At FIT, I minor in Sustainability. In my Ecology class this week the topic was Global Biodiversity, and we discussed how important and crucial it is to climate change. “Biodiversity is like a library”, Sasha my professor said. There are an estimated 10 million unique species on planet earth, and each one has it’s own way of living and it’s own important piece in the food web that it contributes to.
There are different ways that we value diversity: if it has a direct market use (i.e. food or medicine), if it as a non-market use (i.e. it is beautiful), and ecosystems with services and functions (i.e. the water cycle, the carbon cycle, pollination, etc.). In laymen’s terms, biodiversity is when multiple living things (plants, animals, and other organisms) live together in an ecosystem. Here’s a great example: in the garden I worked at this summer, we planted different seeds in the same beds. This is called polyculture. Polyculture is amazing because different plant species can work together to create happy, healthy soil, yield more produce, and it is a more stable bed. If we planted soybeans and squash in the same bed, it was great because they stored enough nitrogen to make the plants happy, and their roots didn’t interfere with each other because squash grows above the soil, and soybeans need to trellis.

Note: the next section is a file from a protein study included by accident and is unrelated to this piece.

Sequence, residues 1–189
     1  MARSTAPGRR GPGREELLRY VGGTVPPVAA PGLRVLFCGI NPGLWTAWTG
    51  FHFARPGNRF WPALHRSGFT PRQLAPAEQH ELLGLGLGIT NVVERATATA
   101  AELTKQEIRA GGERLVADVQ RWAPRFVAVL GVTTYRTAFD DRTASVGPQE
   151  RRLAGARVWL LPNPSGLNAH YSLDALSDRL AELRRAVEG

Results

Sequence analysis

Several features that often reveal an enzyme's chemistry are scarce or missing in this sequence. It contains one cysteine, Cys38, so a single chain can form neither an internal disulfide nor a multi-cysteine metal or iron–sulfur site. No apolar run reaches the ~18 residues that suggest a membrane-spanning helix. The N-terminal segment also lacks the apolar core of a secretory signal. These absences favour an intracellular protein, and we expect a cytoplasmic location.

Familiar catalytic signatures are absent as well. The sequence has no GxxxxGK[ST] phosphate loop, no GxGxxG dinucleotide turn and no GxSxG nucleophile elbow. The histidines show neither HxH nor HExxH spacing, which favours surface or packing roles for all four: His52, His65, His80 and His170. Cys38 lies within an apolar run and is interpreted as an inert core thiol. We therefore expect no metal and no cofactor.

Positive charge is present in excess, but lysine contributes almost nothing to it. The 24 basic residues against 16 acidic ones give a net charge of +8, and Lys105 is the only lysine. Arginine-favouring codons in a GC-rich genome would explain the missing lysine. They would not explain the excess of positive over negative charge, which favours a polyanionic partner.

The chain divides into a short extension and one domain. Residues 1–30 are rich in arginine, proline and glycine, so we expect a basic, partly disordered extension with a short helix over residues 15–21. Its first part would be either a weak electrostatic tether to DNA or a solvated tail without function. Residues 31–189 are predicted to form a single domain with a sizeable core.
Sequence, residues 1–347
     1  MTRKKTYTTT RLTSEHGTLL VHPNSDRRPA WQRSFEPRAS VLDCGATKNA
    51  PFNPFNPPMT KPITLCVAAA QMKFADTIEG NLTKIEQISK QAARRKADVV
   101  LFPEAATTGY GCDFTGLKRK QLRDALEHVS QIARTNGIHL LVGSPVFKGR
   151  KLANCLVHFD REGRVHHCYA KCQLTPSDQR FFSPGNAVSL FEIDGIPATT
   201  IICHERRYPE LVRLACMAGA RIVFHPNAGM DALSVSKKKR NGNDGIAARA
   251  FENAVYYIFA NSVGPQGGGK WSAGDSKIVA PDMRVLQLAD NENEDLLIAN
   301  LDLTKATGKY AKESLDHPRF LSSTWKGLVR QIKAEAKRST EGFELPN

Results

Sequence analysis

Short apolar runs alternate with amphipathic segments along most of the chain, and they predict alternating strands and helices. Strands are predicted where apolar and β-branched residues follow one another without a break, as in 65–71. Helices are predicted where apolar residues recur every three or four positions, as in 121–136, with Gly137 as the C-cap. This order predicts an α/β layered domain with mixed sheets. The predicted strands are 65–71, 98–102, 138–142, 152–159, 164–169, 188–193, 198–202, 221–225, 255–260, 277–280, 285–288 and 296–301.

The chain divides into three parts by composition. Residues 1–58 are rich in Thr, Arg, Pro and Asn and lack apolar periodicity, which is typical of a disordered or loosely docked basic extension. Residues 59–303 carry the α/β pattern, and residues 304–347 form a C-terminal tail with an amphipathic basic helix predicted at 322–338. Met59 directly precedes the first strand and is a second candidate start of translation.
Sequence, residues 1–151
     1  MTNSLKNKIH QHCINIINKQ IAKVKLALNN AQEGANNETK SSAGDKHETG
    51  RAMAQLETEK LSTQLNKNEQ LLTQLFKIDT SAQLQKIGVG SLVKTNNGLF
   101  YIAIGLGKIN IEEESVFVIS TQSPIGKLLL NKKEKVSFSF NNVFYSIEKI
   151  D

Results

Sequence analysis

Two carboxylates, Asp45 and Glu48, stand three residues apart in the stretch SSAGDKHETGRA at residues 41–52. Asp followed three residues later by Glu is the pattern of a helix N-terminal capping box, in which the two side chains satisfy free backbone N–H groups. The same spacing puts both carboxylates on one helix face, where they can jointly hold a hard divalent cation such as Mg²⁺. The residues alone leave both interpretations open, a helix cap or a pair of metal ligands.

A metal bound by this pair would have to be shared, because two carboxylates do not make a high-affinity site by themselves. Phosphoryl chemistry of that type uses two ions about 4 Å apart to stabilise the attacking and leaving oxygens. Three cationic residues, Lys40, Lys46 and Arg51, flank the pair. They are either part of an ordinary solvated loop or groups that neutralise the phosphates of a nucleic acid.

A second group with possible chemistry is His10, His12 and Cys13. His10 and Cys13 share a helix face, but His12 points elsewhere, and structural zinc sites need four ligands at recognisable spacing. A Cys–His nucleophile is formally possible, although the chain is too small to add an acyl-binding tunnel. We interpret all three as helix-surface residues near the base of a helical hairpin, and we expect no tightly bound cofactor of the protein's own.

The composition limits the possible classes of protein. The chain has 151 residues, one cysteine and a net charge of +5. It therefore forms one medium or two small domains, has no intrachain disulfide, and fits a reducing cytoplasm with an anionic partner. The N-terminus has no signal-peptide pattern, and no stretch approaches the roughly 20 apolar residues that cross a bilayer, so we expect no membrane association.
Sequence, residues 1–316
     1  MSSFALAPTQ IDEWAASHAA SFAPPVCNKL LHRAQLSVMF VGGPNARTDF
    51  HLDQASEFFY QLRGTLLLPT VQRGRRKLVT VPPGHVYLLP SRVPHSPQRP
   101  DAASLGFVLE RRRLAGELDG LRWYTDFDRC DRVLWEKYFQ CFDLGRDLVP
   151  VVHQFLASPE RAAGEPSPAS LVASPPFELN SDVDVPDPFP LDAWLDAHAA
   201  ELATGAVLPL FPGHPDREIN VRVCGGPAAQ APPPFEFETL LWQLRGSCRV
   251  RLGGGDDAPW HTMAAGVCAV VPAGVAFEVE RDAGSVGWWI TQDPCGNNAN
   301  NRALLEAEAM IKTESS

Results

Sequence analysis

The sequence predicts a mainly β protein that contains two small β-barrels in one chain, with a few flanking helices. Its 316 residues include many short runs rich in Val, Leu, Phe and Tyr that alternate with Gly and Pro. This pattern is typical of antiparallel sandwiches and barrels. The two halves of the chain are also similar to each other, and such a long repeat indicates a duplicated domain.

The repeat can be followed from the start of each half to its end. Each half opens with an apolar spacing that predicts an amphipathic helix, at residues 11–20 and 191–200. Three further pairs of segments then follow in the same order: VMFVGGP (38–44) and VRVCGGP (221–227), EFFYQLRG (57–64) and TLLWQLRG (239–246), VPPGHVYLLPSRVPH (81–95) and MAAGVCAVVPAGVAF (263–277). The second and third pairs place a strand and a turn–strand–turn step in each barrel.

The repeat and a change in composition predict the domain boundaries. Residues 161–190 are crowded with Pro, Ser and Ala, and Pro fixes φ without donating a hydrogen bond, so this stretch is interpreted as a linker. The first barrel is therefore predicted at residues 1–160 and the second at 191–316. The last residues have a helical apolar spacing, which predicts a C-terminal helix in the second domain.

Essentially, (bio)diversity makes everything better.
I couldn’t help but relate this lesson to my feelings this past week after the election. After tears were shed and classes were skipped, I am sad and worried.
As I have learned about climate change this semester, I feel empowered with the knowledge I have gained to make changes. As I have learned about the state of our political and ethical climate, I feel empowered to make a difference and be an ally to my friends who are People of Color, LGBTQ, Lantix, Muslim, and fellow women.
I don’t give a fuck who you are: I will be empathetic and hear your story. Coming together is not about “singing kumbaiya” – it is about standing for equality. For a long time I have felt that standing for something in America automatically makes you stand against something else, and I didn’t like that. In this case, I am proud to stand against hate.